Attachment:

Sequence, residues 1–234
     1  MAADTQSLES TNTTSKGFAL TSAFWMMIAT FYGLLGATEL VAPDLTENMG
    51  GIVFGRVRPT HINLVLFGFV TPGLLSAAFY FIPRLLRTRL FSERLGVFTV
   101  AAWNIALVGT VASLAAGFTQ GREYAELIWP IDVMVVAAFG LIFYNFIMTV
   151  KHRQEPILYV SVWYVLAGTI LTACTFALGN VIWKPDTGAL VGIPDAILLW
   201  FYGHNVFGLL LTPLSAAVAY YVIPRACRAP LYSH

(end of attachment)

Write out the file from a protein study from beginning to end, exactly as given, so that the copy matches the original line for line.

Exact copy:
Sequence, residues 1–234
     1  MAADTQSLES TNTTSKGFAL TSAFWMMIAT FYGLLGATEL VAPDLTENMG
    51  GIVFGRVRPT HINLVLFGFV TPGLLSAAFY FIPRLLRTRL FSERLGVFTV
   101  AAWNIALVGT VASLAAGFTQ GREYAELIWP IDVMVVAAFG LIFYNFIMTV
   151  KHRQEPILYV SVWYVLAGTI LTACTFALGN VIWKPDTGAL VGIPDAILLW
   201  FYGHNVFGLL LTPLSAAVAY YVIPRACRAP LYSH